Korean Lifestyle Magazine Profiles Real American Steak
Korean consumers’ perception of U.S. beef is improving, steadily returning to the positive levels of 2003 when American beef was the dominant imported beef. That was evidenced by the fact that five of the seven restaurants spotlighted in Luxury sold U.S. ribeye and striploin steaks in conjunction with domestic (Hanwoo) tenderloins. Two restaurants offered Australian ribeyes.
The taste profile of grain-fed U.S. beef, along with its competitive price, are driving demand for the American imports and helping foster a substantial interest in dry-aged beef.
“U.S. ribeyes and striploins meet the preferred specifications for dry aging,” said Jihae Yang, USMEF-Korea director, who was interviewed for the Luxury article. “Hanwoo beef, which is in high demand from Korean-style barbecue restaurants, is too expensive considering the loss after dry-aging. U.S. beef is the true leader in this category.”
One influential Korean restaurateur and beef expert, Young-sik Park, chief executive officer of SG Dine Hill which operates six high-end restaurants in Seoul, commented in the article that U.S. beef is “nutritionally great,” and referenced a “healthy menu campaign” which recommends that children eat red meat daily.
Similarly, the meat buyer for the upscale Shilla Hotel, Yong-ju Lee, stated his confidence in U.S. beef because the cattle are raised on corn, soybeans and grass, and “vitamin-packed” chilled beef is imported to Korea without preservatives.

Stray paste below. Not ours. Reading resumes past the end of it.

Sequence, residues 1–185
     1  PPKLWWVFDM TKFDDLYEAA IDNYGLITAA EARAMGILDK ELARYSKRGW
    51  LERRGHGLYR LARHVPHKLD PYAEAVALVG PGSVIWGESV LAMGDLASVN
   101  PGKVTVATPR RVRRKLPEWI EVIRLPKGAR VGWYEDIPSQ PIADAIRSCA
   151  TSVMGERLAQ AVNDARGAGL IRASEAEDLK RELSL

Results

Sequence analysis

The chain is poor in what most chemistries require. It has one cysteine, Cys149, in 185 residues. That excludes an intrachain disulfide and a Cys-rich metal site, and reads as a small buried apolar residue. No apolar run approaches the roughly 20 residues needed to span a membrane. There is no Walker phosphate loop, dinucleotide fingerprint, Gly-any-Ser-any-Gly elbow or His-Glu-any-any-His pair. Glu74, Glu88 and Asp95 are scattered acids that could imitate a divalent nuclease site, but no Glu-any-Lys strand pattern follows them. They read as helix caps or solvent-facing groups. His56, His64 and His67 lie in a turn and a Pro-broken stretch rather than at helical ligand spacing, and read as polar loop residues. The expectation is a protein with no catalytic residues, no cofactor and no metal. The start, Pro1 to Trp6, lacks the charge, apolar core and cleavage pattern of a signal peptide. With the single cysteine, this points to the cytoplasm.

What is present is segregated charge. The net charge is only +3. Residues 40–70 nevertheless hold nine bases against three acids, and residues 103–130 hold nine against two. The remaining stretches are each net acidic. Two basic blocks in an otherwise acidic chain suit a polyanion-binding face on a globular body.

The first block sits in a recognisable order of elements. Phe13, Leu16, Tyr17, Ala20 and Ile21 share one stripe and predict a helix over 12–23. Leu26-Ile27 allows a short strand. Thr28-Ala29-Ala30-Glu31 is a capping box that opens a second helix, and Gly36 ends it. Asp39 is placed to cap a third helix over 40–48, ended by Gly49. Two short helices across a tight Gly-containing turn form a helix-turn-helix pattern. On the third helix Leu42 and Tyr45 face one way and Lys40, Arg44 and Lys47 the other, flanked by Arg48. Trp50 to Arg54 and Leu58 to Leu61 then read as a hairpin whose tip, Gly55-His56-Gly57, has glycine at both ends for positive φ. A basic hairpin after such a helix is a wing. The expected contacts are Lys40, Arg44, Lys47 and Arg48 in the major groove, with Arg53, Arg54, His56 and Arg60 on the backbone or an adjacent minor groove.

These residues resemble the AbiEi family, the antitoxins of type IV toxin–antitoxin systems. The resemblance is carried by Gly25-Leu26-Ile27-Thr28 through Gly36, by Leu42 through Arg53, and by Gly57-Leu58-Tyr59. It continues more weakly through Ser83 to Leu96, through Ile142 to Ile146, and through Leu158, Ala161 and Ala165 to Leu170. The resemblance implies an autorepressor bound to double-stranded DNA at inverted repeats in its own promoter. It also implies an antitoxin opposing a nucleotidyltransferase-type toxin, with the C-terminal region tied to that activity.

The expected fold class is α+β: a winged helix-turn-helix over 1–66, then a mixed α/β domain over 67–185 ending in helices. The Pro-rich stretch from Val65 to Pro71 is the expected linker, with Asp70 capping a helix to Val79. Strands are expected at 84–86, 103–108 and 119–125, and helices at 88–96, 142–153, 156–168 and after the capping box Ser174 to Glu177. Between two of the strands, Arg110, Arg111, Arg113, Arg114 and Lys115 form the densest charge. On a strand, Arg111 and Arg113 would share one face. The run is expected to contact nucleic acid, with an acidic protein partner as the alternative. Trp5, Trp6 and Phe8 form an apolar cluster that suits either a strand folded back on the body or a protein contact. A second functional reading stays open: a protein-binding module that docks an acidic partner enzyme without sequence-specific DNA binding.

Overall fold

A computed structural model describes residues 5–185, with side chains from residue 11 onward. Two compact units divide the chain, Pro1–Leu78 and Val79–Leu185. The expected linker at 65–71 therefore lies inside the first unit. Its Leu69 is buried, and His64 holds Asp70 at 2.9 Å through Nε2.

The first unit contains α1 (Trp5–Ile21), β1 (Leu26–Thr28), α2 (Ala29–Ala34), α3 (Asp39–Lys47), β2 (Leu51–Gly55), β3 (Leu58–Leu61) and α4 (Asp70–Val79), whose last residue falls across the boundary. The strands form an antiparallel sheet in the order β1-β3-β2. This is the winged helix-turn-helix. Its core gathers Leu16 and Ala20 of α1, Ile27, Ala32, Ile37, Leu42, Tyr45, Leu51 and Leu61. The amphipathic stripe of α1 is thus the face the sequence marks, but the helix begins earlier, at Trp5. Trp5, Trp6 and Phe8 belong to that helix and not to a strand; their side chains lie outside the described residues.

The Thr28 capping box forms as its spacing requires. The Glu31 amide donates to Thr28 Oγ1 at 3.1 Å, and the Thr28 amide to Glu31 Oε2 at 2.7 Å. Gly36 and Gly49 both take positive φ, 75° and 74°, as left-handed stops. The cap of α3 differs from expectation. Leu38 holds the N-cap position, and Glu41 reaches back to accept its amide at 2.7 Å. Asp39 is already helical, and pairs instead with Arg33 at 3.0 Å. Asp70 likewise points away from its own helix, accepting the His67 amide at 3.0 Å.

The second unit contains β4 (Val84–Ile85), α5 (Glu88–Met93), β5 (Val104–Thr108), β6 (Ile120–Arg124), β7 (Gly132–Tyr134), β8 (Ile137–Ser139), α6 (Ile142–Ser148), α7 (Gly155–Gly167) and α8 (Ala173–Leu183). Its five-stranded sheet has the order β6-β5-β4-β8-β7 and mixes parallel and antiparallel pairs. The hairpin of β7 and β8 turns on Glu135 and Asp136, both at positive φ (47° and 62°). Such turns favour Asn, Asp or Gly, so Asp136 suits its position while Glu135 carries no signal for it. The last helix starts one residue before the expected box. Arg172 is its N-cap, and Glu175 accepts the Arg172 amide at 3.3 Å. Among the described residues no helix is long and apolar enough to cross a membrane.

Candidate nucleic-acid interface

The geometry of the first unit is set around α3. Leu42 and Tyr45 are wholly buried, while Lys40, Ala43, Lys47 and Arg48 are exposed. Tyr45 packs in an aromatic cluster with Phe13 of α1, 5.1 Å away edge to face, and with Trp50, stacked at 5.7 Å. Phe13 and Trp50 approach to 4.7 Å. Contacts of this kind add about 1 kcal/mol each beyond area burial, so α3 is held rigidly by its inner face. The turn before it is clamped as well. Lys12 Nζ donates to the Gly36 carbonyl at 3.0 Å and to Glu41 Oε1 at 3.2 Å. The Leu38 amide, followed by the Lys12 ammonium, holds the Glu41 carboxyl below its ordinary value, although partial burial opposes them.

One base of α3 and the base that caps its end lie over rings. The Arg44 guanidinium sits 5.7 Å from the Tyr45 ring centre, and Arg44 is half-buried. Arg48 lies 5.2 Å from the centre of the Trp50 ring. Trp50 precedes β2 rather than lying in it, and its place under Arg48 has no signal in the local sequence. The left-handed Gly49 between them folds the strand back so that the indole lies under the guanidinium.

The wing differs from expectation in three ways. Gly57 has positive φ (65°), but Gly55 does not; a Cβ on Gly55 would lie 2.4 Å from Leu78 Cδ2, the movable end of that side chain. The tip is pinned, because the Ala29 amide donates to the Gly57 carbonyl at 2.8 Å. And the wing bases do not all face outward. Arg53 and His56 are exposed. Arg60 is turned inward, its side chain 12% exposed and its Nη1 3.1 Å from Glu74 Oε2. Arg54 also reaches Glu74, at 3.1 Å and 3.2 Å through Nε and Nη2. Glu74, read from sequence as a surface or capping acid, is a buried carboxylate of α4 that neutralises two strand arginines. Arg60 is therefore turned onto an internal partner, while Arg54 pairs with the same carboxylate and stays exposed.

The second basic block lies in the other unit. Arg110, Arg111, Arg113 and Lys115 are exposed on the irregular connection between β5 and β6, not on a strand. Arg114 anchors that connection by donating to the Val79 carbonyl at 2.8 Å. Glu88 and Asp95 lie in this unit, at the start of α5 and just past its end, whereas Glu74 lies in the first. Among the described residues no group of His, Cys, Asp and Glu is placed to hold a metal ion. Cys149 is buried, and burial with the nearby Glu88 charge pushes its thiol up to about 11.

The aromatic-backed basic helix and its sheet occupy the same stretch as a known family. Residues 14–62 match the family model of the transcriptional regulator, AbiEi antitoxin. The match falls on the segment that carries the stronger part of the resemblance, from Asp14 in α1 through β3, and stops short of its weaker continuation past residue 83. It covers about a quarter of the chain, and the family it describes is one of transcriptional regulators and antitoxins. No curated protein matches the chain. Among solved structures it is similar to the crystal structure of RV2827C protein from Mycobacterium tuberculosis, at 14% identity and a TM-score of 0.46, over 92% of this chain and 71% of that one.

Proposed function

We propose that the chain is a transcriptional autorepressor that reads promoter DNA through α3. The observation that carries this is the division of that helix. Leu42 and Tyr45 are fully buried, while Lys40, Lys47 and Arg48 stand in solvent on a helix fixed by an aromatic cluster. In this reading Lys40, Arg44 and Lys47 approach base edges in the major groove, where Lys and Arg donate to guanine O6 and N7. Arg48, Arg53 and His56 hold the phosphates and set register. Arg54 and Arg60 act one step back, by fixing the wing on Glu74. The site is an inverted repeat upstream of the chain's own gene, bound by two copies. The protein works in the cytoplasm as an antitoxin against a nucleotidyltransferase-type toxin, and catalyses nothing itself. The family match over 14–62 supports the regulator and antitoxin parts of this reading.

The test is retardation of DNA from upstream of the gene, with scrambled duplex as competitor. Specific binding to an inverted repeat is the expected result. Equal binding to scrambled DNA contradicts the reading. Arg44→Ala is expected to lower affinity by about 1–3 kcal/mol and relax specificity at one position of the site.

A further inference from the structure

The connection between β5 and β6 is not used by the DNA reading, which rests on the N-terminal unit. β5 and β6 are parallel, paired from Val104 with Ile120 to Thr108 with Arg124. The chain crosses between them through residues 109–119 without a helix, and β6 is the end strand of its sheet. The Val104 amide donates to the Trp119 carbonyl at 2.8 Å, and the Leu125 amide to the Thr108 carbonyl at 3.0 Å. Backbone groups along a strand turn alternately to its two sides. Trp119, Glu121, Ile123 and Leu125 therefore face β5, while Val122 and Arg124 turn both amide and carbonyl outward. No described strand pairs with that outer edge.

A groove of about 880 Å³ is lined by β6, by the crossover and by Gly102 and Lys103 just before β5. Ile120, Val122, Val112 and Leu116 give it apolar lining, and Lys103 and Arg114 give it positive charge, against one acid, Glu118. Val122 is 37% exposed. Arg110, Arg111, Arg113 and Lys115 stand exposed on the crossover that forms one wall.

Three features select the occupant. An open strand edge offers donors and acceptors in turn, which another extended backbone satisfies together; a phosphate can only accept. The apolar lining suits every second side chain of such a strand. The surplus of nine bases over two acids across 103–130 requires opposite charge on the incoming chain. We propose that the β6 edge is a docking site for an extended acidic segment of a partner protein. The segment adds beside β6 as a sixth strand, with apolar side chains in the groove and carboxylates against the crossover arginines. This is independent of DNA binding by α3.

“As more Koreans travel around the world, the more familiar they become with premium cuisine,” said USMEF’s Yang. “The trend toward focusing a beef menu on U.S. prime beef started with Goo STK, a Seoul restaurant that made its name by serving only U.S. prime steaks. Now, U.S. beef is rising in the perception of consumers who view it as the centerpiece of a special meal.”
A report issued last week by South Korea’s Rural Economic Institute (KREI) was fairly bullish for U.S. beef consumption in Korea, noting that a January 2012 survey found that 52.3 percent of consumers had purchased U.S. beef compared to 48 percent in 2011 and just 22 percent in 2010. When consumers who purchase U.S. beef were asked what they would cut back on in favor of U.S. beef, about 41 percent said Australian beef and 30 percent said domestic beef.
Per capita beef consumption increased by more than 20 percent in 2011 to 10.7 kg (23.5 pounds). This is a remarkable increase of nearly 60 percent from 2005 and 2006 when U.S. beef was absent from the market.
Through the first 11 months of 2011, U.S. beef exports to South Korea were up 38 percent in volume and 32 percent in value versus 2010, reaching 139,663 metric tons (307.9 million pounds) valued at $618.3 million.